were usually made of gold or silver. This was no doubt always the
case if the vessel was designed to be the immediate holder of the
Blessed Sacrament, since the principle that no base material ought
to be used for this purpose is early and general. But when, as
seems generally to have been the case in later times, the dove was
only the outer vessel enshrining the pyx which itself contained
the Blessed Sacrament, it came about that any material might be
used which was itself suitable and dignified. Mabillon (Iter
Ital., 217) tells us that he saw one at the monastery of Bobbio
made of gilded leather, and one is shown to this day in the church
of San Nazario at Milan which is enameled on the outside and
silver gilt within. The exact time at which such vessels first
came into use is disputed, but it was certainly at some early
date. Tertullian (C. Valentinian. cap. iii) speaks of the Church
as columbae domus, the house of the dove, and his words are
sometimes quoted as exhibiting the use of such vessels in the
third century. The reference, however, is clearly to the Holy
Spirit. In the life of St. Basil, attributed to St. Amphilochius,
is perhaps the earliest clear mention of the Eucharistic dove.
"Cum panem divisisset in tres partes . . . tertiam positam super
columbam auream, desuper sacrum altare suspendit" (When he had
divided the bread into three pieces . . . the third part placed in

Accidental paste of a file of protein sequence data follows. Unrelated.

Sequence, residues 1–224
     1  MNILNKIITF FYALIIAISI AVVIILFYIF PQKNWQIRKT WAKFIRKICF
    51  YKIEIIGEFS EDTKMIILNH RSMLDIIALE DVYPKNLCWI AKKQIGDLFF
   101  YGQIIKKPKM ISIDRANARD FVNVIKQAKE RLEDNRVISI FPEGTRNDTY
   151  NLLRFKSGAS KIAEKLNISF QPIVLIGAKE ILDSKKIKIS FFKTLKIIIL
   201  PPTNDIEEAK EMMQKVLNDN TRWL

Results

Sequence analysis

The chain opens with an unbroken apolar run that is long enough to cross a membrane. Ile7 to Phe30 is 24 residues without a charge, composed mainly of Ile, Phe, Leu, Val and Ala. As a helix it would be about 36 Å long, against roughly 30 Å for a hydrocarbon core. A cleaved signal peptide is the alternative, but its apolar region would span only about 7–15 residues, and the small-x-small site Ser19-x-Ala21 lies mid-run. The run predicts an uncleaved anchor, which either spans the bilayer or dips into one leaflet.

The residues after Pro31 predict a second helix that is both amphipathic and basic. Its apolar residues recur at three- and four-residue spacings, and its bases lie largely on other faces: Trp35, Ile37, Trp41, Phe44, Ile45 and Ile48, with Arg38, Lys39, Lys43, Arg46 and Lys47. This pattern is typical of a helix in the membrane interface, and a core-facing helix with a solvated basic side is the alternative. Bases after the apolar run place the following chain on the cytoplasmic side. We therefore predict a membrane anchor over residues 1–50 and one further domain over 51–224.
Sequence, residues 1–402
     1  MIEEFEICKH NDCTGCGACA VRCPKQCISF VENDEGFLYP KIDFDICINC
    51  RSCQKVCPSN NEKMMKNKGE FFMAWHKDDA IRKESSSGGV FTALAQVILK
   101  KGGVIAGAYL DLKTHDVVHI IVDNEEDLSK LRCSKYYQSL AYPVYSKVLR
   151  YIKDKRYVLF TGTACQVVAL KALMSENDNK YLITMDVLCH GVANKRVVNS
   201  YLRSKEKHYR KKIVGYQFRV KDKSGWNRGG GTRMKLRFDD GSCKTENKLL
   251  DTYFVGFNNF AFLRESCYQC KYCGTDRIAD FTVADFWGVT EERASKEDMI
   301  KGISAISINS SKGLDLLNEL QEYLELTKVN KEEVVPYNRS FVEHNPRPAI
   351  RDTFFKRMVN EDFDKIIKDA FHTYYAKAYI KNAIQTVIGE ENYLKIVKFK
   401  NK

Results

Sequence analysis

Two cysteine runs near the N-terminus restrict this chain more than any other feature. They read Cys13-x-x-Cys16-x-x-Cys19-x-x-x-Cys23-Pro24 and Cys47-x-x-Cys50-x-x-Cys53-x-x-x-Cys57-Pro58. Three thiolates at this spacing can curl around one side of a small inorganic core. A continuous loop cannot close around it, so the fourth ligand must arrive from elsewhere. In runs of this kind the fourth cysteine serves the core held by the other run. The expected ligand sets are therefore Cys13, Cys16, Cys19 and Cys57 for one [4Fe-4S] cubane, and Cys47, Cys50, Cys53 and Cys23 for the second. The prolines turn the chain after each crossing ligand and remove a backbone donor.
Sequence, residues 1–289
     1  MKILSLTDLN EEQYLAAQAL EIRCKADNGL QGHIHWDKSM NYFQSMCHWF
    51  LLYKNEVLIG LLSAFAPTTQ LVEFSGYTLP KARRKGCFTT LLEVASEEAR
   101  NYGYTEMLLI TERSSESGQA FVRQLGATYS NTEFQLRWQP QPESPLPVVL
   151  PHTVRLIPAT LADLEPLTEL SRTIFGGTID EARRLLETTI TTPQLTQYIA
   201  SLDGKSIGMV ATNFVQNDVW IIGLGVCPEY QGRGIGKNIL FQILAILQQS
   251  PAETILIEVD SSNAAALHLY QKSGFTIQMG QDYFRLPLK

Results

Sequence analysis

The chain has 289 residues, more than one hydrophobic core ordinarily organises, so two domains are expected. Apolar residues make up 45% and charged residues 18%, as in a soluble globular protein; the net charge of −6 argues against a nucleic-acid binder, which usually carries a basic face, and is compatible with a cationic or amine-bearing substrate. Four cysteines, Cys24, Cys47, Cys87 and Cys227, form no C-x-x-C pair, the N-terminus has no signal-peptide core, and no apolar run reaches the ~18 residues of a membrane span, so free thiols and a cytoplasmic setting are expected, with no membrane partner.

a golden dove, he suspended, etc., Vita Bas., P. G., XXXIX). St.
Chrysostom's expression concerning the Holy Eucharist, convestitum
Spiritu Sancto, clothed with the Holy Spirit (Hom. xiii, ad pop.
Antioch.), is generally taken to allude to this practice of
reserving the Holy Eucharist in a dove, the emblem of the Holy
Spirit. The same idea is expressed by Sedulius (Epist. xii) in the
verses, "Sanctusque columbae Spiritus in specie Christum vestivit
honore" -- "And the Holy Spirit in the form of a dove has robed
Christ in honour".
The general, and certainly the earliest custom, both East and
West, was to suspend the dove from the ciborium or baldachino. At
a later period in some parts of the West, especially in Rome, a
custom grew up of placing a tower of precious material upon the
altar, and enclosing the dove with the Blessed Sacrament within
this tower. Thus, in the "Liber Pontificalis" which contains ample
records of the principal gifts made to the great basilicas in the
fourth and succeeding centuries, we never find that the dove was
presented without the tower as its complement. Thus in the life of
Pope Hilary it is said that he presented to the baptistery at the
Lateran turrem argenteam . . . et columbam auream. In the life of
St. Sylvester (ibid.) Constantine is said to have given to the
Vatican Basilica pateram . . . cum turre et columba. Innocent I
(ibid.) gave to another church turrem argenteam cum columba.
ARTHUR S. BARNES
Transcribed by Michael C. Tinkler
From the Catholic Encyclopedia, copyright © 1913 by the
Encyclopedia Press, Inc. Electronic version copyright © 1996 by
New Advent, Inc.